5 4. In the mitochondrion, protons diffuse down their concentration gradient from the inter- membrane space through ATP synthase to the matrix, driving ATP synthesis. In the chloroplast, ATP is synthesized as the hydrogen ions diffuse from the thylakoid space back to the stroma through ATP synthase complexes, whose catalytic knobs are on the stroma side of the membrane. 19. Use two key differences to explain how chemiosmosis is different in photosynthesis and cellular respiration. There are noteworthy differences between oxidative phosphorylation in mitochondria and photophosphorylation in chloroplasts. In mitochondria, the high-energy electrons dropped down the transport chain are extracted from organic molecules (which are thus oxidized), whereas in chloroplasts, the source of electrons is water. Chloroplasts do not need molecules from food to make ATP; their photosystems capture light energy and use it to drive the electrons from water to the top of the transport chain. In other words, mitochondria use chemiosmosis to transfer chemical energy from food molecules to ATP, whereas chloroplasts transform light energy into chemical energy in ATP. 20. Label all the locations in this diagram. Then, follow the steps in linear electron flow to label the components of the light reactions in chemiosmosis that are seen in this figure. See page 197 of your text for the labeled figure. 21. List the three places in the light reactions where a proton-motive force is generated by increasing the concentration of H + in the stroma. 1. Water is split by photosystem II on the side of the membrane facing the thylakoid space 2. As plastoquinone (Pq), a mobile carrier, transfers electrons to the cytochrome complex, four protons are translocated across the membrane into the thylakoid space 3. A hydrogen ion is removed from the stroma when it is taken up by NADP To summarize, note that the light reactions store chemical energy in ATP and NADPH, which shuttle the energy to the carbohydrate-producing Calvin cycle. Concept 10.3 The Calvin cycle uses ATP and NADPH to convert CO 2 to sugar The Calvin cycle is a metabolic pathway in which each step is governed by an enzyme, much like the citric acid cycle in cellular respiration. However, keep in mind that the Calvin cycle uses energy (in the form of ATP and NADPH) and is therefore anabolic. In contrast, cellular respiration is catabolic and releases energy that is used to generate ATP and NADH. 23. The carbohydrate produced directly from the Calvin cycle is not glucose, but the three-carbon compound glyceraldehyde 3-phosphate (G3P). Each turn of the Calvin cycle fixes one molecule of CO 2 ; therefore, it will take 3 turns of the Calvin cycle to net one G3P. 24. Explain the important events that occur in the carbon fixation stage of the Calvin cycle. The Calvin cycle incorporates each CO 2 molecule, one at a time, by attaching it to a five- carbon sugar named ribulose bisphosphate. The enzyme that catalyzes this first step is RuBP carboxylase, or rubisco. The product of the reaction is a six-carbon intermediate so unstable that it immediately splits in half, forming two molecules of 3-phosphoglycerate Copyright 2011 Pearson Education, Inc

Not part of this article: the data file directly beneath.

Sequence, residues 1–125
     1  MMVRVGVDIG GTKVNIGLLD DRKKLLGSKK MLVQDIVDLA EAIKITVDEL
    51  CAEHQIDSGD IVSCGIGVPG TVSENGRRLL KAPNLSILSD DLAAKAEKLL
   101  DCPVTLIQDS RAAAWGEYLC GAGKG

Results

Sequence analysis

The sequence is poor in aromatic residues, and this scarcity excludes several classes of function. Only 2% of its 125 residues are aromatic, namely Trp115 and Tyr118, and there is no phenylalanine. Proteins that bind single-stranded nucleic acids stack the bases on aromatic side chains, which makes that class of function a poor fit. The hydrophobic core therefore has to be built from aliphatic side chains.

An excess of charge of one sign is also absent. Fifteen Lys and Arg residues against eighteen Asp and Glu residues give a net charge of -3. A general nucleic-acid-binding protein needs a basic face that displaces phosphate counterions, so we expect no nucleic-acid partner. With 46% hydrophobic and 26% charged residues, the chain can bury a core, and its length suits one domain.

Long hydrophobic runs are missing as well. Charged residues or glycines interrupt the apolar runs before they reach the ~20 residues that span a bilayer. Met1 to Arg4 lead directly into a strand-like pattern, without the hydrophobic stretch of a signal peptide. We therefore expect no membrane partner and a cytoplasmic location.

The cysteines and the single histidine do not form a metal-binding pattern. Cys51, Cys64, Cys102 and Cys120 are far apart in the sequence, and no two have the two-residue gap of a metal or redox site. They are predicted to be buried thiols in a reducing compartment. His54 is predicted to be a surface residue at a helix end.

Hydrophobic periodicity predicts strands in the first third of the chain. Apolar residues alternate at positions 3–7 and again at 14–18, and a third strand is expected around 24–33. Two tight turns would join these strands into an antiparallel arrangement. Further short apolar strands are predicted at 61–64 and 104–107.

6 25. The enzyme responsible for carbon fixation in the Calvin cycle, and possibly the most abundant protein on Earth, is rubisco. 26. In phase two, the reduction stage, what molecule will donate electrons, and so is the source of the reducing power? NADPH 27. In this reduction stage, the low-energy acid 1, 3-bisphosphoglycerate is reduced by electrons from NADPH to form the three-carbon sugar G3P. 28. Examine Figure in your text while we tally carbons. This figure is designed to show the production of one net G3P. That means the Calvin cycle must be turned three times. Each turn will require a starting molecule of ribulose bisphosphate (RuBP), a five-carbon compound. This means we start with 15 carbons distributed in three RuBPs. After fixing three molecules of CO 2 using the enzyme rubisco, the Calvin cycle forms six G3Ps with a total of 18 carbons. At this point the net gain of carbons is 3, or one net G3P molecule. 29. Three turns of the Calvin cycle nets one G3P because the other five must be recycled to RuBP. Explain how the regeneration of RuBP is accomplished. In a complex series of reactions, the carbon skeletons of five molecules of G3P are rearranged by the last steps of the Calvin cycle into three molecules of RuBP. To accomplish this, the cycle spends three more molecules of ATP. The RuBP is now prepared to receive CO 2 again, and the cycle continues. 30. The net production of one G3P requires 9 molecules of ATP and 6 molecules of NADPH. Concept 10.4 Alternative mechanisms of carbon fixation have evolved in hot, arid climates 31. Explain what is meant by a C 3 plant. A plant that uses the Calvin cycle for the initial steps that incorporate CO 2 into organic material, forming a three-carbon compound as the first stable intermediate. 32. What happens when a plant undergoes photorespiration? During photorespiration, which is a metabolic process, the plant consumes oxygen and ATP, releases carbon dioxide, and decreases photosynthetic output. Photorespiration generally occurs on hot, dry, bright days, when stomata close and the O 2 /CO 2 ratio in the leaf increases, favoring the binding of O 2 rather than CO 2 by rubisco. 33. Explain how photorespiration can be a problem in agriculture. Rice, wheat, and soybeans are C 3 plants that are important in agriculture. When their stomata partially close on hot, dry days, C 3 plants produce less sugar because the declining level of CO 2 in the leaf starves the Calvin cycle, limiting growth. 34. Explain what is meant by a C 4 plant. Copyright 2011 Pearson Education, Inc